§ Draft of Robert Smith to John Armstrong
5 June 1810, Department of State.1 Acknowledges letters and enclosures from Armstrong received on 21 May. Protests strongly against France’s decision to seize American vessels as announced in the letter from the duc de Cadore to Armstrong [14 Feb. 1810]. Describes French policy as “an act of violence, which under existing circumstances is scarcely less than an act of war [and] necessarily required an explanation which would satisfy not only the United States but the world.” Asserts that the U.S. has always resisted the British orders in council and that the right of doing so by the municipal prohibition of trade is a “lawful exercise of sovereign power,” which the French government can neither complain of nor justly construe “into a cause of warlike reprisal.” The U.S. has likewise resisted the decrees of France, which had “assumed a prescriptive power over the policy of the United States, as reprehensible as the attempt of the British government to levy contributions on our trade was obnoxious.”
Denies that the U.S. has singled out French vessels for seizure in the manner complained of by Cadore and adds, “Had France interdicted to our vessels all the ports within the sphere of her influence, and had she given a warning of equal duration with that given by our law, there would have been no cause of complaint on the part of the United States.”2 Points out that it has always been possible for France to avoid American trade restrictions merely by modifying or annulling its own decrees. The U.S. has already made propositions to this effect to France, and “they were not accepted.” Instead, French policy has been calculated to produce results other than that of “a good understanding between the two countries.” The recent act of Congress [Macon’s Bill No. 2] gives the French emperor the opportunity to establish “the most amicable relations” with the U.S. Let him withdraw or modify his decrees, restore American property, and “a law of the United States exists, which authorises the president to promote the best possible understanding with France, and to impose a system of exclusion against the ships and merchandise of Great Britain in the event of her failing to conform to the same just terms of conciliation.” As American trade restrictions are not now in force, France no longer has “a solitary reasonable pretext for procrastinating the delivery of American property.” Instructs Armstrong to present these observations to the French government.
Printed copy (National Intelligencer, 2 July 1811). Included in Smith’s defense of his conduct as secretary of state. Described as a “Copy of the draught of the letter proposed to be sent to Gen. Armstrong,” which was “laid before the President for his approbation.” Dated “June —, 1810.”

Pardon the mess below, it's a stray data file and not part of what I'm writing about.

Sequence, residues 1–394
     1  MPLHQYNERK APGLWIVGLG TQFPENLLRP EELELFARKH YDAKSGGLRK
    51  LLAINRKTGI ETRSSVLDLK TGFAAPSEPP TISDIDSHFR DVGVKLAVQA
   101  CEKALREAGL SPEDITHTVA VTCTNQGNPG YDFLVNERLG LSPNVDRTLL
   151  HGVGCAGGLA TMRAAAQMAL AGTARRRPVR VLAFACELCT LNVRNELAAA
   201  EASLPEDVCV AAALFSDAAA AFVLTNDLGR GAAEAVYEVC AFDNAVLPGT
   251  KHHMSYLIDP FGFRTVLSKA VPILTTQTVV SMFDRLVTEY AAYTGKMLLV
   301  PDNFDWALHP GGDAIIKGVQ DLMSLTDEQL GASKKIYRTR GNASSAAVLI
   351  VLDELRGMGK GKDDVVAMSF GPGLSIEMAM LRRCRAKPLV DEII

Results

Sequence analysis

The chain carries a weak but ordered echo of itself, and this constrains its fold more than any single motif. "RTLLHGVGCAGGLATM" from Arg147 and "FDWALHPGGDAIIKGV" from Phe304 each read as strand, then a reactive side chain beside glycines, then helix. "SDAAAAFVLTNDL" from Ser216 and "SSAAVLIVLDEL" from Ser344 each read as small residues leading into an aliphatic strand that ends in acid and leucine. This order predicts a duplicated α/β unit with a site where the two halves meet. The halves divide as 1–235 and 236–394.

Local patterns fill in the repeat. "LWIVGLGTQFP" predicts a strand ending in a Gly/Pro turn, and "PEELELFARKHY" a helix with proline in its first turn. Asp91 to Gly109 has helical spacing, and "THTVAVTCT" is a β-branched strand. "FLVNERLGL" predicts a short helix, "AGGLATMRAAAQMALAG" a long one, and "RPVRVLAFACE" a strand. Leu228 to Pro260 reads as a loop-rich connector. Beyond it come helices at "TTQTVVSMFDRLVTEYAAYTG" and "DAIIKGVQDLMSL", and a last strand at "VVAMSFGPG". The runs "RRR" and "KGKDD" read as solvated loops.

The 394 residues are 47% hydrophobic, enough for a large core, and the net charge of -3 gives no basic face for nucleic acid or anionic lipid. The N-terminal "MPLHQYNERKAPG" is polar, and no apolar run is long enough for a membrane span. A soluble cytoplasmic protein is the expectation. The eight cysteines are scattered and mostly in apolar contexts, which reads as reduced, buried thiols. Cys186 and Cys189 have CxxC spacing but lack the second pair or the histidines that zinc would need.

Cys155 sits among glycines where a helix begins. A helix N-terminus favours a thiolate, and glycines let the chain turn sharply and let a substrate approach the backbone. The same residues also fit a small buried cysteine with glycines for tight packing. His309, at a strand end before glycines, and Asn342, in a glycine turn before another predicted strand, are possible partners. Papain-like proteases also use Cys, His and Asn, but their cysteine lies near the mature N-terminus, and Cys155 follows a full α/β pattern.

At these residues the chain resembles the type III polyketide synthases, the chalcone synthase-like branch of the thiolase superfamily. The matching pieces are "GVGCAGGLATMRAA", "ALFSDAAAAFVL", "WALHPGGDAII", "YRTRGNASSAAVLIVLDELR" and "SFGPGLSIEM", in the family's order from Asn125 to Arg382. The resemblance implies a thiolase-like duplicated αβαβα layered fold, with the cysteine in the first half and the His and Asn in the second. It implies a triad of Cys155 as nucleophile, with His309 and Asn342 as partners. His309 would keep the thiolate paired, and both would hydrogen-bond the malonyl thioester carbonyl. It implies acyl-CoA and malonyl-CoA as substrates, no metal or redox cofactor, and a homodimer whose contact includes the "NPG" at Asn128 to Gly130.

1. According to Smith, JM “objected to the sending” of this letter and, instead of the “animadversions” it contained, “directed the insertion of simply the following section” into the draft: “As the ’John Adams’ is daily expected, and as your further communications by her will better enable me to adapt to the actual state of our affairs with the French government the observations proper to be made in relation to their seizure of our property and to the letter of the Duke of Cadore of the 14th Feb. it is by the President deemed expedient not to make, at this time, any such animadversions. I cannot, however, forbear informing you, that a high indignation is felt by the President, as well as by the public, at this act of violence on our property, and at the outrage, both in the language and in the matter, of the letter of the Duke of Cadore, so justly pourtrayed [sic] in your note to him of the 10th of March” (ibid., emphasis added by Smith). For the remainder of the revised instructions to Armstrong, which directed him to advise the French government that “by putting in force, agreeably to the terms of this statute [Macon’s Bill No. 2], the non-intercourse against Great Britain the very species of resistance would be made which France has been constantly representing as most efficacious,” see Smith to Armstrong, 5 June 1810 (DNA: RG 59, IM; printed in ASP description begins American State Papers: Documents, Legislative and Executive, of the Congress of the United States ... (38 vols.; Washington, 1832-61). description ends , Foreign Relations, 3:384–85). For JM’s response to the news conveyed by the John Adams, see Madison’s Draft of Robert Smith to John Armstrong, 5 July 1810.
2. The National Intelligencer, on 9 July 1811, expressed doubts about whether Smith had been as wholly responsible for this draft as he claimed. The administration newspaper conceded, however, that the president had rejected the draft and cited this sentence as one of the “particular passages and expressions which may help to account for its unfavorable reception by Mr. Madison.” The comment continued: “What! no cause of complaint! The United States, it is true, could not complain of it as a violation of their neutral rights and nation[al] sovereignty, obnoxious to the resentment of the other belligerent: but would it be consistent with friendship, with liberality, with reciprocity, with the spirit of common intercourse among civilized nations?”